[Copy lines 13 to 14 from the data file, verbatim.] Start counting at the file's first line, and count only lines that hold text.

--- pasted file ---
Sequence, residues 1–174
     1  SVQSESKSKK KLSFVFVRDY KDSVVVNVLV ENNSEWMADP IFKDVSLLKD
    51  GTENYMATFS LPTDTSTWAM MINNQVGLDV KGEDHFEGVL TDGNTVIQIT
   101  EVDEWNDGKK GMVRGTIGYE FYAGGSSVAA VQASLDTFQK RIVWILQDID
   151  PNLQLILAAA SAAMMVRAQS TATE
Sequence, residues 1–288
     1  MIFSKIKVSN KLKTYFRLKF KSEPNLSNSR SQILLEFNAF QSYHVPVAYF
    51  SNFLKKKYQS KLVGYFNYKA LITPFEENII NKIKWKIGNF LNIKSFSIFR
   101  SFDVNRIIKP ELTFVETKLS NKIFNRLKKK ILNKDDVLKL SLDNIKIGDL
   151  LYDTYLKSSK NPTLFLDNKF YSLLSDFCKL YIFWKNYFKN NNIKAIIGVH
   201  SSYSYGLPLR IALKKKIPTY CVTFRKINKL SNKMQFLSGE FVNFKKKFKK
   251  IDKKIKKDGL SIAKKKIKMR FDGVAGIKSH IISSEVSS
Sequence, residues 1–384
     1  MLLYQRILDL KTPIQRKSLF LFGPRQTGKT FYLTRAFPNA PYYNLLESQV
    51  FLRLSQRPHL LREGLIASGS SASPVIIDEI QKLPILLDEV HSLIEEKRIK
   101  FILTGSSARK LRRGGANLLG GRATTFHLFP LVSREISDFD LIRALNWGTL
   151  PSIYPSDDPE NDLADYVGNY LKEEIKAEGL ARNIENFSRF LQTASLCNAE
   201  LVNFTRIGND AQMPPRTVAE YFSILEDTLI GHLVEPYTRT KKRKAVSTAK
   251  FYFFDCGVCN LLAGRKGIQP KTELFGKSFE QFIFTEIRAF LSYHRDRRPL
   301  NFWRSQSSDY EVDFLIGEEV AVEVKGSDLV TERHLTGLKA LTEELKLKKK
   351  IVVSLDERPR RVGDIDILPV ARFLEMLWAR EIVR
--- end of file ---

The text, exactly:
Sequence, residues 1–384
     1  MLLYQRILDL KTPIQRKSLF LFGPRQTGKT FYLTRAFPNA PYYNLLESQV